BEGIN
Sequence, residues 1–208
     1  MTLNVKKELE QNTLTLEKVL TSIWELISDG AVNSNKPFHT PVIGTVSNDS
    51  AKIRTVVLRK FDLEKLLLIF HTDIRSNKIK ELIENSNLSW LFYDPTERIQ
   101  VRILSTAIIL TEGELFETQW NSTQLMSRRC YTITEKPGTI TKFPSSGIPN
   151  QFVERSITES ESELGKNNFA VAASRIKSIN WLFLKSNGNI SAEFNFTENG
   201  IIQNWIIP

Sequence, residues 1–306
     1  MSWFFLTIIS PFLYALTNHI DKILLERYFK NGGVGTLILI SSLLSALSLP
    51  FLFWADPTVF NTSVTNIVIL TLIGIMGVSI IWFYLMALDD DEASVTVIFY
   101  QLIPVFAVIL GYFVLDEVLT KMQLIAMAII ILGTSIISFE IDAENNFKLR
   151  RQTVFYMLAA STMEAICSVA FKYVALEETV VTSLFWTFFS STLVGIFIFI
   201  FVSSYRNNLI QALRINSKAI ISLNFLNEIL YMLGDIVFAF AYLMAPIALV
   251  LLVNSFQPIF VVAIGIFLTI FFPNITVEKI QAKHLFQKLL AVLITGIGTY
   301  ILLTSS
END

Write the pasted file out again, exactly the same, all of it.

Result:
Sequence, residues 1–208
     1  MTLNVKKELE QNTLTLEKVL TSIWELISDG AVNSNKPFHT PVIGTVSNDS
    51  AKIRTVVLRK FDLEKLLLIF HTDIRSNKIK ELIENSNLSW LFYDPTERIQ
   101  VRILSTAIIL TEGELFETQW NSTQLMSRRC YTITEKPGTI TKFPSSGIPN
   151  QFVERSITES ESELGKNNFA VAASRIKSIN WLFLKSNGNI SAEFNFTENG
   201  IIQNWIIP

Sequence, residues 1–306
     1  MSWFFLTIIS PFLYALTNHI DKILLERYFK NGGVGTLILI SSLLSALSLP
    51  FLFWADPTVF NTSVTNIVIL TLIGIMGVSI IWFYLMALDD DEASVTVIFY
   101  QLIPVFAVIL GYFVLDEVLT KMQLIAMAII ILGTSIISFE IDAENNFKLR
   151  RQTVFYMLAA STMEAICSVA FKYVALEETV VTSLFWTFFS STLVGIFIFI
   201  FVSSYRNNLI QALRINSKAI ISLNFLNEIL YMLGDIVFAF AYLMAPIALV
   251  LLVNSFQPIF VVAIGIFLTI FFPNITVEKI QAKHLFQKLL AVLITGIGTY
   301  ILLTSS